From behind, you may not even know the Berenson robot isn't human.

Berenson art robot Reuters/Philippe Wojazer

With a top hat, delicately wrapped white shawl, and long black coat, it looks like any other art lover hopping between galleries in Chelsea.

But Berenson is, in fact, a robot — just with some unique human tastes.

Developed in 2011 by robotics engineer Philippe Gaussier and anthropologist Denis Vidal, the robot is capable of judging whether it likes a piece of art and shaping its artistic preferences.

Berenson art robot Reuters/Philippe Wojazer

That may not seem like a huge deal, but seeing a robot that can exhibit a certain amount of emotional and aesthetic preference isn't commonplace. There's Pepper, a Japanese robot capable of providing emotional support, but not many others that go beyond doing physical tasks.

Berenson works by recording art goers' reactions to pieces of art, and then using the data it collects to create its own artistic preferences.

"If we smile to the robot while presenting a neutral object, it will learn to associate it to a positive value and will try to grasp it," Gaussier told Tech Insider in an email. "At the opposite, if we are doing an angry face, the robot will learn to avoid the object."


Berenson art robot Reuters/Philippe Wojazer

The robot made the rounds at an exhibit titled "Persona: Oddly Human" at the Quai Branly museum in Paris Tuesday to show off its abilities.

The exhibit, which is showing through mid-November, aims to explore how inanimate objects become animate and how people establish relationships with objects.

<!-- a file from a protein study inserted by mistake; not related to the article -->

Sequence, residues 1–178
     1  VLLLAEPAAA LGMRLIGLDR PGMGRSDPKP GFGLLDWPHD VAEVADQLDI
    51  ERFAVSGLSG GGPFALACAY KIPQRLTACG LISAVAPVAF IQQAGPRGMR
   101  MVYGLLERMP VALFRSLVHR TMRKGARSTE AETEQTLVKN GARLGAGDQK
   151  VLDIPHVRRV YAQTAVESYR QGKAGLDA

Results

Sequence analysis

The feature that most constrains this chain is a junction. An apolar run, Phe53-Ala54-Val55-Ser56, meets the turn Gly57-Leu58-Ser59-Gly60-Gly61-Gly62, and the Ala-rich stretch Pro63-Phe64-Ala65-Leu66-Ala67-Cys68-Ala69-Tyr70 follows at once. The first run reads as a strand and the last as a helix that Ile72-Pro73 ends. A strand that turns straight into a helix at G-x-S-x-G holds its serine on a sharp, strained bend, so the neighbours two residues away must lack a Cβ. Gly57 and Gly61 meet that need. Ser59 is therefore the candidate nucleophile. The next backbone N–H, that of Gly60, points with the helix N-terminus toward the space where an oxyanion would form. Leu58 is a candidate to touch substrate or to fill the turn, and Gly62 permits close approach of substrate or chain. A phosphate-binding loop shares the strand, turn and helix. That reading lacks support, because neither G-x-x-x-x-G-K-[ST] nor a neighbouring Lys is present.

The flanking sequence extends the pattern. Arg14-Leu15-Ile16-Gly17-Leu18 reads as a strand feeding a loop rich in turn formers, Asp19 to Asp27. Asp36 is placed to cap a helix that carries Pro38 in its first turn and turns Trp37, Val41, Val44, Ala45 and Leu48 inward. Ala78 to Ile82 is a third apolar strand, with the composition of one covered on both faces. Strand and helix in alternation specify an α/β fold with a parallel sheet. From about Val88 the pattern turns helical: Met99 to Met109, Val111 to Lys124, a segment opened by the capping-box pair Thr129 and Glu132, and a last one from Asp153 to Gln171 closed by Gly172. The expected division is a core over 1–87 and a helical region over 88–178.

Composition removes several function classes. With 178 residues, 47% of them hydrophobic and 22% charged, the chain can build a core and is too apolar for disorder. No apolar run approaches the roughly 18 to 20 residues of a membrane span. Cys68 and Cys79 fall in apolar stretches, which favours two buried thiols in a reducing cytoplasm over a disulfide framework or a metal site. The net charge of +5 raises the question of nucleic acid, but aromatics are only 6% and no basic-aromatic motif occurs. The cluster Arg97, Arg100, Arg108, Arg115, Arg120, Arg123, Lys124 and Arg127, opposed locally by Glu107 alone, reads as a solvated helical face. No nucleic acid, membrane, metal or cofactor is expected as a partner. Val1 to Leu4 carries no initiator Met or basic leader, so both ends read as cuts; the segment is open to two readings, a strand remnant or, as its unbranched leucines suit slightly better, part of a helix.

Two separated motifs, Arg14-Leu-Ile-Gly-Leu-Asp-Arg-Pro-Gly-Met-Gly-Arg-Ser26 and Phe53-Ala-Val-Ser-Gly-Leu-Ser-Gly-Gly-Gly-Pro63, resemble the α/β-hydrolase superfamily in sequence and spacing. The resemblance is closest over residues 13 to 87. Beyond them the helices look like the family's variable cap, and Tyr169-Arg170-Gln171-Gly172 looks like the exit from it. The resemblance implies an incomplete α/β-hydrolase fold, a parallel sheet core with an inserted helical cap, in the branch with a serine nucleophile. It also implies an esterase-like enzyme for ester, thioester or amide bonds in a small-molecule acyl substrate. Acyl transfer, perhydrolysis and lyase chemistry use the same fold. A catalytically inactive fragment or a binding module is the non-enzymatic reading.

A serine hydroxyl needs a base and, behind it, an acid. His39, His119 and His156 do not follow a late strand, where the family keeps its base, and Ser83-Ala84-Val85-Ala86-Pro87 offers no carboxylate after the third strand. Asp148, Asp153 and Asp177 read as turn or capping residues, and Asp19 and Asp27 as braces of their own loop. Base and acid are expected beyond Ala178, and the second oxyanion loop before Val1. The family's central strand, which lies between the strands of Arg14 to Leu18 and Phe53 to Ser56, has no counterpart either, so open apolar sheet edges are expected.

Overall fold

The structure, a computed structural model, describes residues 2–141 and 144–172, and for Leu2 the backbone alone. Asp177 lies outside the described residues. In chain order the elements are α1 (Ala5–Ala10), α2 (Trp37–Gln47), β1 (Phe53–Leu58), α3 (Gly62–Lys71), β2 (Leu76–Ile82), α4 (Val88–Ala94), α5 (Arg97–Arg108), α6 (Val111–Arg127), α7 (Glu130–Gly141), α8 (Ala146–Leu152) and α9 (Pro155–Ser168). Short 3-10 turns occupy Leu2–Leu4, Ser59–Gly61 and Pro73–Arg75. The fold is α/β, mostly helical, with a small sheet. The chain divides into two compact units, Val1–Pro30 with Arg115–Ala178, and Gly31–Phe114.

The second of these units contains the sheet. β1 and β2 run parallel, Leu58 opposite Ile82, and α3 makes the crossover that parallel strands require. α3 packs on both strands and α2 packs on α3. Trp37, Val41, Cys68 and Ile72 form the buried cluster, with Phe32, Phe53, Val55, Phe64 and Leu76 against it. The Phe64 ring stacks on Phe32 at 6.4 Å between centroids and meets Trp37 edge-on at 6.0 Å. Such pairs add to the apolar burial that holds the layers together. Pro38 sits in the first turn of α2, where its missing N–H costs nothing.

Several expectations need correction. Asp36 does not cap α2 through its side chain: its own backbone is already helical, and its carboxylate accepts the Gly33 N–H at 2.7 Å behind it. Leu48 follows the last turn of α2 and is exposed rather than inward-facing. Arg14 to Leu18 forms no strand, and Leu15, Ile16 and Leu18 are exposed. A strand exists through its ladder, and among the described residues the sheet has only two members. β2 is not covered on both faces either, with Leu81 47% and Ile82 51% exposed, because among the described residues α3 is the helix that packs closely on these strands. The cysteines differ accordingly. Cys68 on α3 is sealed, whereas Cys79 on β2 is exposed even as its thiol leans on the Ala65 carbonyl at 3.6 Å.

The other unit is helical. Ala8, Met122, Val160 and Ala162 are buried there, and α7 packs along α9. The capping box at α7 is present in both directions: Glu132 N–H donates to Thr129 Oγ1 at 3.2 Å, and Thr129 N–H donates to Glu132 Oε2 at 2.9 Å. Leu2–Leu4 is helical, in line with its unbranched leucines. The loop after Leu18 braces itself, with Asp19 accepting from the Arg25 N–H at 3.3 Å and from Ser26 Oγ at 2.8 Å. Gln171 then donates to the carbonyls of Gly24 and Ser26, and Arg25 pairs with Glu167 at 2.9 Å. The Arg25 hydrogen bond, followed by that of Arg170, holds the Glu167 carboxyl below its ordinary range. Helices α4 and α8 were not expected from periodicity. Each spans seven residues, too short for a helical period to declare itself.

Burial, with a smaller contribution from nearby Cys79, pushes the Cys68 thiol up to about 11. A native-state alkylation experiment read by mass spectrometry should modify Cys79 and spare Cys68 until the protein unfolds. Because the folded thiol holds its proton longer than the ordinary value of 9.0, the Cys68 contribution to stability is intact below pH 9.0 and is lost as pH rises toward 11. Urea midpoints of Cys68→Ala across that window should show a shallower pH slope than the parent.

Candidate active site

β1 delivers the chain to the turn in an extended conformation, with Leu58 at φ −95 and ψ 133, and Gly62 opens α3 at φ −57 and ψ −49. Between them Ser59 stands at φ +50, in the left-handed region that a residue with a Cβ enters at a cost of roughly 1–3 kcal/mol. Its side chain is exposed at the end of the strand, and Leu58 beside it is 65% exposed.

On Tuesday, visitors showed Berenson one object they either liked or didn't like. After he was shown 20 statues, Berenson was able to relay whether he had a positive, negative, or neutral reaction to a piece of art.

The robot sees through a camera in its right eye where it records a black-and-white image of a piece of art, the International Business Times reported. In this case, that image was sent to a computer tucked behind a wall in the museum.

Berenson then zeroes in on aspects of the art that it likes, which is represented by green circles, and doesn't like, which is pointed out in red. If it likes something, the robot will even head in its direction and smile. 

Some may wonder then if Berenson is really forming its own opinion or simply copying what it learns from others. The truth is, it's a mixture of both. The robot runs on a neural network, meaning it learns based on positive reinforcement

"Berenson generalizes its learning to new objects and even to people, allowing sometimes some strange behaviors where the robot smiles to some people and gives a sad face to others," Gaussier told Tech Insider.